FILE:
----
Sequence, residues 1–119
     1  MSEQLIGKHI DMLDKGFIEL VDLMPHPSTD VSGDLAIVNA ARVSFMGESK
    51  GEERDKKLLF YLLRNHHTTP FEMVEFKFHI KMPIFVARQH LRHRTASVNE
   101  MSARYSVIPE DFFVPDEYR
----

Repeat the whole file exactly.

Sequence, residues 1–119
     1  MSEQLIGKHI DMLDKGFIEL VDLMPHPSTD VSGDLAIVNA ARVSFMGESK
    51  GEERDKKLLF YLLRNHHTTP FEMVEFKFHI KMPIFVARQH LRHRTASVNE
   101  MSARYSVIPE DFFVPDEYR